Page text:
Following a long period of discussions between F1 teams and the FIA, regarding engine homologation/approval, Renault and Ferrari pointed out a loophole in the 2015 engine rules.
Since the regulations do not specifically stimulate when the 2015 engines have to be homologated, the FIA said last week that Mercedes, Ferrari and Renault would be allowed to make changes to their engines over the course of the season. The framework for engine changes specifies that only a total of 48 per cent of the engine can be changed, allowing for upgrades to be drip fed into the cars throughout the season.
While this was fantastic news for the current F1 engine manufactures, it added to one of the biggest problems that exists in the series, the huge differences in car performance. Season after season we see a top 10 shootout, while the bottom half are left behind. This issue was exaggerated in 2014 with Mercedes running away with the championship with only Red Bull’s Daniel Ricciardo able to beat the Silver Arrow drivers. Add to this the huge financial instabilities of some of the smaller teams and F1 as a whole, proving too much for the promising Marussia team, and we have a problem.
Beyond taking a serious look the ownership, running and ethics of the sport (both financially and environmentally), F1 needs to become more competitive between the teams. While it’s a team game and the car design/setup is the biggest factor in determining the championship outcome, every team needs to be on a level playing field.
When Honda and Mclaren announced that they would be revisiting their successful partnership for the 2015 season and beyond, the community welcomed a fresh, yet experienced, player into the sport. However, because Honda is classed as a new engine manufacturer, they were exempt from the engine rule loophole and needed to submit their engine for homologation on February 28th. What? Not only would Honda not have the benefit of a season’s testing with the 1.6 turbo hybrid engines, but now every other team would have the opportunity to further add to their advantage throughout the season, with power unit upgrades.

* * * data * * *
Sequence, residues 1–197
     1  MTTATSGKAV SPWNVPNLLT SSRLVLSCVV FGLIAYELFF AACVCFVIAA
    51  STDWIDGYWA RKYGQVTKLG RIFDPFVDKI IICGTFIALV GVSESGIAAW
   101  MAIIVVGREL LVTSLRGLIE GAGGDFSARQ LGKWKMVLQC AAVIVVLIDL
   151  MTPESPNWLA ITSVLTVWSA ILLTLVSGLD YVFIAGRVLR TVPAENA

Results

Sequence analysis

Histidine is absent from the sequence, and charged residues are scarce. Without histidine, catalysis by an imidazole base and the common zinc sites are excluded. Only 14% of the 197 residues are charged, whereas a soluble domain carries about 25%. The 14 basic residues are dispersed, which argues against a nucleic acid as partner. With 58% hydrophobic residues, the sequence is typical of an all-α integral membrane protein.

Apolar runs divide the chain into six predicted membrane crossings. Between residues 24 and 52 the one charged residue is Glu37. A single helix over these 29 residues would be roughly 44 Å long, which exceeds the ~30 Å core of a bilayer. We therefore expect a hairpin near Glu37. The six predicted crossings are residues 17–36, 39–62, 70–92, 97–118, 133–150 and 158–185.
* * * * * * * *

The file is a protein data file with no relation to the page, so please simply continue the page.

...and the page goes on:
Understandably Honda was left upset. Thankfully the FIA has seen reason and after a meeting between the Japanese car manufacturer and F1 race director Charlie Whiting last Monday, the FIA agreed to consider tweaking the engine rules.
Following the meeting, the FIA has reconsidered its position and agreed that Honda can have some room to introduce developments, so it is treated as equally as possible to the current car makers. In a document sent to teams by Whiting on Friday, the governing body clarified how new entrants would be treated. It has been agreed that during the year of their entry, new manufacturers like Honda will be allowed as many improvements as other engine makers are planning to introduce.
Whiting stated: “As each of the four 2015 manufacturers will have an homologated power unit at the start of the season, we believe it would be fair to ensure that each of them enjoys equal opportunities for upgrades during the season.
“We will therefore allow the new manufacturer to use the same number of tokens that the other three manufacturers have available to them, taken as an average of the three.
“For example, if the three 2014 manufacturers have eight, seven and five unused tokens respectively at the start of the season, then the new manufacturer will be allowed to use six during the season (the average rounded down to the nearest whole number).”
The current manufacturers have a total of 32 tokens that can be used to improve their engines for this year, although it is likely the upgrades will be split between the winter and later in the campaign.
As each year goes on, the number of tokens available decreases.
While F1 teams are still far from being on a level playing field, this represents an important step in the right direction.